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      Whilst these transactions had been taking place on the Continent, our fleets, which should have kept the French and Spaniards in check, had done worse than nothing. France had subtly delayed to declare war against us, so that, although she joined her fleets and armies to the enemy, we could not attack her without being the first to declare war, or to commence it by direct breach of the peace. Admiral Haddock, who was on the watch in the Mediterranean to harass the Spaniards, was thus baffled. The Spanish fleet was joined by twelve French men-of-war from Toulon, the admiral of which declared that he had orders to defend the Spaniards if they were attacked. As the combined fleet, moreover, doubled his own, Haddock was compelled to fall off and leave them.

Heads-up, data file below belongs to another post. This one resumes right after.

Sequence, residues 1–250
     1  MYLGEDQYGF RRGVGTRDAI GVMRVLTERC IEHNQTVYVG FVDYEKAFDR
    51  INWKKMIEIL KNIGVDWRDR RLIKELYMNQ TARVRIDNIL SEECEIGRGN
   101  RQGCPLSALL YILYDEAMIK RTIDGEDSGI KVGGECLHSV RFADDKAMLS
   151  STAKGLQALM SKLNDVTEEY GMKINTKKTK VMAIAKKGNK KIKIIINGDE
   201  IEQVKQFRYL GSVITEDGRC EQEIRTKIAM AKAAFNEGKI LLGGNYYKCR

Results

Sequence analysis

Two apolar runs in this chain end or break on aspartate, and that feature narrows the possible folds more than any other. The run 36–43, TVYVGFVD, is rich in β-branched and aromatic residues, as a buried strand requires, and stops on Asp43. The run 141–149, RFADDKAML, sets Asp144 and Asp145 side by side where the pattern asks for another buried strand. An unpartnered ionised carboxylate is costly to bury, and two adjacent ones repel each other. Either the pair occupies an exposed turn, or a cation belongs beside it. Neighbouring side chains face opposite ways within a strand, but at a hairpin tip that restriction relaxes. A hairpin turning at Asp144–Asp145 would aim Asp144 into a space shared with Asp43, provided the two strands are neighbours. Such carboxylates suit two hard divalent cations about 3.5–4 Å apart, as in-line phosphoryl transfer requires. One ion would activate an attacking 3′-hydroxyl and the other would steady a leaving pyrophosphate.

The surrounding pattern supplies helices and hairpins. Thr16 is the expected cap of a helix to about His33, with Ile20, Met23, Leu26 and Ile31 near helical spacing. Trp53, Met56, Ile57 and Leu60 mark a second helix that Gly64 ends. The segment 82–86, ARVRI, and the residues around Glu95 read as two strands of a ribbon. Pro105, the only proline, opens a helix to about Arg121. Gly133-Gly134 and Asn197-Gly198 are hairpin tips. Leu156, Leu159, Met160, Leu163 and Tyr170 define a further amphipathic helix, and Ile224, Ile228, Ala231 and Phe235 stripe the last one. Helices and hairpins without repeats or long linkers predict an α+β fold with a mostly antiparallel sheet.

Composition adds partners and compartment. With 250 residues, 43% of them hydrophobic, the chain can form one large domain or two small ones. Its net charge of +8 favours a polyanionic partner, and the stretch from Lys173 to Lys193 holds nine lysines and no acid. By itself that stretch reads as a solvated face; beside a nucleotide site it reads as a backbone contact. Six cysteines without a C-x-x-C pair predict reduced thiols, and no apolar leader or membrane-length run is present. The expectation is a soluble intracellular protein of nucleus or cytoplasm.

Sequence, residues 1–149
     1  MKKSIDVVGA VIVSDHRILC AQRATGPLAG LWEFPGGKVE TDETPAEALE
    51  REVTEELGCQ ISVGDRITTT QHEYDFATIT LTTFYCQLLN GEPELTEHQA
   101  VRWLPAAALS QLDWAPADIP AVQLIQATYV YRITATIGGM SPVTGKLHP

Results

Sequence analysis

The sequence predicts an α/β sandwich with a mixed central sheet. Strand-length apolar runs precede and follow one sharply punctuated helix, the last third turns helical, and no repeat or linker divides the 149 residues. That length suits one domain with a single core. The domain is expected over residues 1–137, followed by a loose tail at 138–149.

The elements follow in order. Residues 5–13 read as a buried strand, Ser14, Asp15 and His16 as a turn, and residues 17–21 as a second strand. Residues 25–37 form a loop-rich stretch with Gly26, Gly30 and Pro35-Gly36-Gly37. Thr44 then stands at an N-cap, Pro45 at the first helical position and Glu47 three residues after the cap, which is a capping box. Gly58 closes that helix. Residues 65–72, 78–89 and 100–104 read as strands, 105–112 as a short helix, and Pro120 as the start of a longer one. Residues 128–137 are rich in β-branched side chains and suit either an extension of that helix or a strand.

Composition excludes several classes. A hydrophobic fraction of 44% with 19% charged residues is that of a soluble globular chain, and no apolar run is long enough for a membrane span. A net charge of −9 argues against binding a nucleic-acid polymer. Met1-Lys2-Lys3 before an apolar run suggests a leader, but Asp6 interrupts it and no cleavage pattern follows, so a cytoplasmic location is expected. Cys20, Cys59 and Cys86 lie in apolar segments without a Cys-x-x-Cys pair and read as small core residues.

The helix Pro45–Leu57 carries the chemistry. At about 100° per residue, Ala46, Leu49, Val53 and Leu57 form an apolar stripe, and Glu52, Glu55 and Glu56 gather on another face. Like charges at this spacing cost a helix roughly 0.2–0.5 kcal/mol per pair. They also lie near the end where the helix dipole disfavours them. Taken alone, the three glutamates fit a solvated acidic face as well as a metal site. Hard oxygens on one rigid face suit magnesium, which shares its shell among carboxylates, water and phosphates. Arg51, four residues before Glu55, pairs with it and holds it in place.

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      THE MANSION HOUSE, LONDON, IN 1760.

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      George had much difficulty in restraining his indignation, but he kept it down, and only bowed the duke silently out of his presence. No sooner had he departed than he flew to Cumberland, and declared he would bear this no longer. Again overtures were made to Pitt, again Pitt expressed himself willing to take office, but again declined, because Temple still refused. Foiled in these attempts to engage Pitt, and equally foiled in an endeavour to engage some of the heads of the leading Whig houses, who would enter no administration without Pitt, a heterogeneous cabinet was at length cobbled up, through the management of the old Duke of Newcastle, who was hankering after office. The Marquis of Rockingham was put forward as First Lord of the Treasury and Premier. Grafton and Conway were to be Secretaries of State; and the latter, lately dismissed with ignominy from the army, was to lead the Commons. The Earl of Northington was made Chancellor, the old Duke of Newcastle Privy Seal; another old and almost superannuated nobleman, Lord Winchelsea, President of the Council. Charles Townshend retained his post of Paymaster of the Forces. Such materials, it was clear, could never long hold together. "It is a mere lute-string administration," said Townshend himself; "it is pretty summer wear, but it will never stand the winter!"And there I met another man,